Parallelize n-body, !Send problem

I'm trying to parallelize an n-body simulation with rayon, by chunks so that concurrent threads never mutate bodies accessed by others.

I have an iterator of rayon::ParallelIterator of iterators of iterators. (the first gives chunks of parallel iterators that can safely run concurrently, and each of them iterate on bodies)

There are two ways I've considered:

  • the safe way: each iterator contains slices of the data belonging to it. Con: that's a lot of references I don't strictly need for, and more pointer arithmetic overhead. (and performance is important for O(N²) simulation)
  • the unsafe way: each iterator contains a pointer to Layout (the main struct containing all the data), and safety is only ensured by the algorithm.

I've tried the second way, but my data are not Send, so even using std::ptr::NonNull (to avoid multiple mutable references errors) this won't compile.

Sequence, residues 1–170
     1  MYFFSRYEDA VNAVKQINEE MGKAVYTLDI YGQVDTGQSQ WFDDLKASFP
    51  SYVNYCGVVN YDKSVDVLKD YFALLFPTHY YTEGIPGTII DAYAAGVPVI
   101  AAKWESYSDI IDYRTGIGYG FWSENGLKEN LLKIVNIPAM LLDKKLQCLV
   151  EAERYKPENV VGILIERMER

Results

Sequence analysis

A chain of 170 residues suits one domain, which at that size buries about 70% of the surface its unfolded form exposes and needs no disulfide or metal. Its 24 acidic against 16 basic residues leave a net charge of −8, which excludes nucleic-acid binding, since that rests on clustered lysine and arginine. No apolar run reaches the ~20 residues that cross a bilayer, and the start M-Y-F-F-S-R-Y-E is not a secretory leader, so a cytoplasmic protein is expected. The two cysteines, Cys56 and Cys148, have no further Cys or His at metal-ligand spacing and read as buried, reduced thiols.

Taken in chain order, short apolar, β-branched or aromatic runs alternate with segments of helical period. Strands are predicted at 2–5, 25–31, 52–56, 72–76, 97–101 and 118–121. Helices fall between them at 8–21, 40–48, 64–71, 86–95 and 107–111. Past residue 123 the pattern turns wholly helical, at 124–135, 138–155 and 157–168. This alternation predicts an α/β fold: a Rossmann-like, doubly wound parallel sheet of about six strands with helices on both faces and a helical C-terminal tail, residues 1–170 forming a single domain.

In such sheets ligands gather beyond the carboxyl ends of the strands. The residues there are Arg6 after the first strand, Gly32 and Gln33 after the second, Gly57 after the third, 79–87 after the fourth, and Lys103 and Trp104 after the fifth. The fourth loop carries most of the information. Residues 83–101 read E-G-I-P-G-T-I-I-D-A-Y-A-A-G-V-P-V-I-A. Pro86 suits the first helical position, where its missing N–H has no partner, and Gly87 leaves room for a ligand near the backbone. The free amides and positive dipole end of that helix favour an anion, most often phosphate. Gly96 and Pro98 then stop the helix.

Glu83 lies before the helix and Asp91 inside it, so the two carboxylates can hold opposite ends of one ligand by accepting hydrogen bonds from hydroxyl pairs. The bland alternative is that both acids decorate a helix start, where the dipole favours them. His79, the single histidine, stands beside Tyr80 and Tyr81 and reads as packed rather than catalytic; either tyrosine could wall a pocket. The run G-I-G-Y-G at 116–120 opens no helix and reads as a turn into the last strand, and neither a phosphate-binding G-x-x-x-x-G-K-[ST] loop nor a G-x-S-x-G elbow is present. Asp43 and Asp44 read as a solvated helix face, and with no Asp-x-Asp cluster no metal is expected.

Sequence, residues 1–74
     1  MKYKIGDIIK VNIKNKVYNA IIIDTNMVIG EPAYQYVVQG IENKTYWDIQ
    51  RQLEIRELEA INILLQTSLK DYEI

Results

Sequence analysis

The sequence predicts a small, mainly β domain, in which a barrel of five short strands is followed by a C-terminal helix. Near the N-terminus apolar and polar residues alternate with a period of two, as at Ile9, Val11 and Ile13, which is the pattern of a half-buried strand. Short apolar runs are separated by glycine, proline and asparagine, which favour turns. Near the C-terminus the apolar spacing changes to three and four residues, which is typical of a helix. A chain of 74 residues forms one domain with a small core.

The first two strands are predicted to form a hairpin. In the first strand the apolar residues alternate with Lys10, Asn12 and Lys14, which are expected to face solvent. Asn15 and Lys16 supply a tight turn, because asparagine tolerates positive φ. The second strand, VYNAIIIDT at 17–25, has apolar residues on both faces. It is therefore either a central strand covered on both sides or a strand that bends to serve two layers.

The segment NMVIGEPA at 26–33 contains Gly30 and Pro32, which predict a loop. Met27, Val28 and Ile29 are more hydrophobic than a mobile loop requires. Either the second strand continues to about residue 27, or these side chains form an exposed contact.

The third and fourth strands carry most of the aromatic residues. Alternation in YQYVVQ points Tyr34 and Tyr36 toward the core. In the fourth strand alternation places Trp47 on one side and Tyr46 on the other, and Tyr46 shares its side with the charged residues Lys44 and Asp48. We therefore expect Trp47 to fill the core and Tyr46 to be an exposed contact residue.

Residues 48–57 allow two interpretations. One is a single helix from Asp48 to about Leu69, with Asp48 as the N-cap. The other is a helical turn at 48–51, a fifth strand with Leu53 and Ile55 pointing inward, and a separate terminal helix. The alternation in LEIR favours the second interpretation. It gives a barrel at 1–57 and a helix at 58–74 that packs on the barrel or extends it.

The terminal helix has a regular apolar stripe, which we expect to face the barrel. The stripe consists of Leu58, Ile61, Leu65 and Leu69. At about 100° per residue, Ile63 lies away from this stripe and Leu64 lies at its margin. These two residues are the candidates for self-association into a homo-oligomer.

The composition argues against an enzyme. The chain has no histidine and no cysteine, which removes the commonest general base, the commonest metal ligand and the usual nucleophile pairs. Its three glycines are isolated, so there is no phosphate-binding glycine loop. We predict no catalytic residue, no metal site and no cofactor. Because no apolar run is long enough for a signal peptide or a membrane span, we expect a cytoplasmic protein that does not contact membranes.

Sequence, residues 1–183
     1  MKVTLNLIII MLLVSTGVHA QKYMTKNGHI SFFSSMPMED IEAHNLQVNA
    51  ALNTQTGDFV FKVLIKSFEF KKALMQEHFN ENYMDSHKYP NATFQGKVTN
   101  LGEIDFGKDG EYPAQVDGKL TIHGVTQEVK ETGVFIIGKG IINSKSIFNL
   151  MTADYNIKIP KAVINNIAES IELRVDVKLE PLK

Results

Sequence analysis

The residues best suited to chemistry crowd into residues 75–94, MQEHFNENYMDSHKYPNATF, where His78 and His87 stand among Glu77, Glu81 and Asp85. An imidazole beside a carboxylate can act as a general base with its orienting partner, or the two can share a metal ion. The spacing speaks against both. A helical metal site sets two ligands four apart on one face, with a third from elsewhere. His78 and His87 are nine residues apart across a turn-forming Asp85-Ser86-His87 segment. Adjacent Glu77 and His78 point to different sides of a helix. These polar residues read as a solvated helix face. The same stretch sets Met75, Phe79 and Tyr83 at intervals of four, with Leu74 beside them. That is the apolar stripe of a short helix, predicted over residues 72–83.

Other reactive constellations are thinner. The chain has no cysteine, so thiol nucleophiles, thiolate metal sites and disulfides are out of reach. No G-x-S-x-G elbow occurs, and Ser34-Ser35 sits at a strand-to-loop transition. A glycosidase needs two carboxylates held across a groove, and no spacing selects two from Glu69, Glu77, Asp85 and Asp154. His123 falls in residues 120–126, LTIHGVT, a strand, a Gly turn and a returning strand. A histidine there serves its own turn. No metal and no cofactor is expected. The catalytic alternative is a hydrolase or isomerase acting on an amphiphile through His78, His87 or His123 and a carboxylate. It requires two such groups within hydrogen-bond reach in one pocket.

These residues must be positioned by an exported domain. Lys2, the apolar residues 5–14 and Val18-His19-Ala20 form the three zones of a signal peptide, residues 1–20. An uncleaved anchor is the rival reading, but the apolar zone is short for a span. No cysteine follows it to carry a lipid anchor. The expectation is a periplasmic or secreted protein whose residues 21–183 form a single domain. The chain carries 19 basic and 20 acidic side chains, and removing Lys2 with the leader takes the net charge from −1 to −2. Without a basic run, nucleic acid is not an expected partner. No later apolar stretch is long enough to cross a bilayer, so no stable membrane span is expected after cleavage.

Is there a way to do this without making it slower? and why not, to make it safer?

Finally I've just done this:

pub(crate) struct SendPtr<T>(pub std::ptr::NonNull<T>);

unsafe impl<T> Send for SendPtr<T> {}
unsafe impl<T> Sync for SendPtr<T> {}

I didn't know it was possible to cheat like that. It's not safer at all, but it compiles and it works.

Is your code published anywhere? It would be interesting if a similar performance can be achieved in a sound way.


I'd strongly advice you to use AtomicPtr, if you need to write and read a memory location from different threads. You may be getting away with what you're doing on x86, but weakly-ordered systems will not like your "thread-safe" smart pointer.

The iterators are defined here, created here and used here.

To clarify how they work:


  • for each color, from yellow to red, do
  • for each contiguous block of this color, do in parallel (i.e. one thread per block)
  • for each column of this block (n1), do
  • for each cell of this column (n2), do
  • compute force between n1 and n2

This is safe because we run concurrently only threads that work on blocks of the same color.

Ok, I will try that.